Using a Commercial Loft Boarding System

Most people buy commercial loft boarding systems to board their loft. There are a number of these on the market, such as LoftZone and Wickes. While each system is slightly different, they all consist of supports which are attached to the tops of the existing rafters, allowing the loft boards to be raised up above a second layer of insulation.

To install the loft boarding system, you will need to temporarily remove the top layer of insulation to give yourself access to the ceiling joists. Once the system is installed, this insulation is returned to its original position.

You will need to look at the individual systems, to see how closely the supports need to be installed and whether or not there is a top track installed onto the supports. Most of these are designed to be installed every 320mm, although they can be installed double that distance.

The companies which produce these loft boarding systems also provide the plywood decking to board your loft. These are typically made with a tongue and groove joint, allowing them to fit snugly together and eliminating gaps that things can fall through, as well as unevenness in the surface. Always be sure that your joints fall directly on top of a support, as any joints which are not properly supported will eventually break.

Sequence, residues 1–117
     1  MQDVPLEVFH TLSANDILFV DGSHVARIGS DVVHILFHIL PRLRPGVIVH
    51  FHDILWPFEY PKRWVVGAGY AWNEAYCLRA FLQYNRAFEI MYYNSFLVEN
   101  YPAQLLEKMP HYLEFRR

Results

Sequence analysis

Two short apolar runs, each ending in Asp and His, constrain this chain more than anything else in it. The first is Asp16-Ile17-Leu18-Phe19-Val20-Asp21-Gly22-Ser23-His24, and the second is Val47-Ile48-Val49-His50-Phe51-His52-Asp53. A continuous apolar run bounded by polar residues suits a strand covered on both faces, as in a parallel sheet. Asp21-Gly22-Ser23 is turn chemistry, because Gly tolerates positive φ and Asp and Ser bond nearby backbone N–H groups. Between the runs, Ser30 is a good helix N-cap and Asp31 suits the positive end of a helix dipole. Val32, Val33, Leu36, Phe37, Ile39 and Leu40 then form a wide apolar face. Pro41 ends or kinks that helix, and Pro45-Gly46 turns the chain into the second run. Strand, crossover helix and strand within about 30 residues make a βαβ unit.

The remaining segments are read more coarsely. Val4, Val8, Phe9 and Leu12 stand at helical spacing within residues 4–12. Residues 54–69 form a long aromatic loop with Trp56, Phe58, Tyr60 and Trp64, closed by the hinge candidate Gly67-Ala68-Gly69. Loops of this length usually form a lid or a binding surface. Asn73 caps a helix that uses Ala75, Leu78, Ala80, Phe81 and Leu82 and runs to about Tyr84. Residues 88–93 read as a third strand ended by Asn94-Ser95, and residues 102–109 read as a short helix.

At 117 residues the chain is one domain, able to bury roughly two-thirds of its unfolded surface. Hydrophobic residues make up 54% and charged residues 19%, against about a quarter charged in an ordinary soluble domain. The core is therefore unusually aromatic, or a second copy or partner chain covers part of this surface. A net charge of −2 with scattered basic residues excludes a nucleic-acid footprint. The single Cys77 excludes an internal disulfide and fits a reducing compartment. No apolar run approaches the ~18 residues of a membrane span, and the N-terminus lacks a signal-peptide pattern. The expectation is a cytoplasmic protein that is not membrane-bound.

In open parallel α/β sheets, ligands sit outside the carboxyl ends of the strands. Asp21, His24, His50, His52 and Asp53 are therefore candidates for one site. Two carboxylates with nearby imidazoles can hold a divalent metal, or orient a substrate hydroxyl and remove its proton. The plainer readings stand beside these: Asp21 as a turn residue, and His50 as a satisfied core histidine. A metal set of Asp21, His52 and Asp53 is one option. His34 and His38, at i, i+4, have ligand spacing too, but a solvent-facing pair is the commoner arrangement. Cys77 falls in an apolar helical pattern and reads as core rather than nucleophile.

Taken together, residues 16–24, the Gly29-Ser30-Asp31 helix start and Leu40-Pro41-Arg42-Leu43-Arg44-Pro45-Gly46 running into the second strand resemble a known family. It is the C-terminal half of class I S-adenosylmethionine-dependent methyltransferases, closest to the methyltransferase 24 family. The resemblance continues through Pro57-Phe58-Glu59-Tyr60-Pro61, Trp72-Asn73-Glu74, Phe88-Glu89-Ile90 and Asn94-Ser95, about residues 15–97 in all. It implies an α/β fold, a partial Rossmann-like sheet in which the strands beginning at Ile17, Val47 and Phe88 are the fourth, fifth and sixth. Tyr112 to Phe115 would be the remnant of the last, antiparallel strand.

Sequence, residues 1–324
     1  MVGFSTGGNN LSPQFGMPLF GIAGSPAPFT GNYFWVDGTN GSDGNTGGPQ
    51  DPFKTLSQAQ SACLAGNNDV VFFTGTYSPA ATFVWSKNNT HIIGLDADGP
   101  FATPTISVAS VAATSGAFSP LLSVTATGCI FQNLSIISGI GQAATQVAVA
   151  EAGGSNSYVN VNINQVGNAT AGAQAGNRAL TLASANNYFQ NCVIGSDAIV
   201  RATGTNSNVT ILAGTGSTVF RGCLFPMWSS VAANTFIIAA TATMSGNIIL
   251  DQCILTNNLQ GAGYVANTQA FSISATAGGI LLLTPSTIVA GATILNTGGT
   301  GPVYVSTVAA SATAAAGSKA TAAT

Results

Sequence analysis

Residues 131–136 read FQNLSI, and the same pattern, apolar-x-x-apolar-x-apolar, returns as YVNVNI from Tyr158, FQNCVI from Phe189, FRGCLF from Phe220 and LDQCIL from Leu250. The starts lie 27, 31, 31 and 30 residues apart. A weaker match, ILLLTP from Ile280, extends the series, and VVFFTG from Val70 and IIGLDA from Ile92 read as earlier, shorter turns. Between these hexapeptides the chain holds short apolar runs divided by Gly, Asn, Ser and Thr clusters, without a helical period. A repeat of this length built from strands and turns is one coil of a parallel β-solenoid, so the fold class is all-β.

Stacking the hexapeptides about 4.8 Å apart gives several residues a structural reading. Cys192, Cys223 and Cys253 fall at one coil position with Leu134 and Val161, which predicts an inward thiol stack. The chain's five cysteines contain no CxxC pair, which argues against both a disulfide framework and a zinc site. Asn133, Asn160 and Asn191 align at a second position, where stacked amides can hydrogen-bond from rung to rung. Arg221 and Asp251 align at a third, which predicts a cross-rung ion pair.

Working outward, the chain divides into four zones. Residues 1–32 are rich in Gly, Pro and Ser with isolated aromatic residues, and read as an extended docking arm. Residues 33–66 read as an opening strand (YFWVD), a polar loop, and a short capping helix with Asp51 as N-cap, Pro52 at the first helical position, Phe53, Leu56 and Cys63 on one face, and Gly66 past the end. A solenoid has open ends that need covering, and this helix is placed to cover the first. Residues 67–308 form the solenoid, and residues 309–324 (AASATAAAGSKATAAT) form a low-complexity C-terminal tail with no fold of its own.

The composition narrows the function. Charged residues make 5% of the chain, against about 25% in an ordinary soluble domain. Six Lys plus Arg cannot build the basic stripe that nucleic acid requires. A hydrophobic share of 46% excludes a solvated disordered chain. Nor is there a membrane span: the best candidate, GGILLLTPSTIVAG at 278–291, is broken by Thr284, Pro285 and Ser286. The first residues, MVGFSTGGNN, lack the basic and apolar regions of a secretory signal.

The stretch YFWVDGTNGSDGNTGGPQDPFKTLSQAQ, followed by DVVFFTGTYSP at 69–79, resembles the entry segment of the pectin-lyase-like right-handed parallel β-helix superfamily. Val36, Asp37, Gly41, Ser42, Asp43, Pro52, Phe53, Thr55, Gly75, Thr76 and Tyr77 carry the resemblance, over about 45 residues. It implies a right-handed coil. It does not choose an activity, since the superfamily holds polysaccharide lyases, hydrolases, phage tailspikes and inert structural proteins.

There are two widths of loft boards, narrow and wide. Which you choose to use will depend more on the access you have to your loft, than any other reason. The wider ones make the boarding project easier, as there are fewer pieces to install, but they require a considerably larger access hatch.

Loft Ledges

Another option offered by these manufacturers are loft ledges. These are designed for use when you have trusses and are trying to make the most of your available space. The kit for these consists of metal brackets, which can be attached to the sides of the trusses and cut pieces of loft board to rest on the brackets.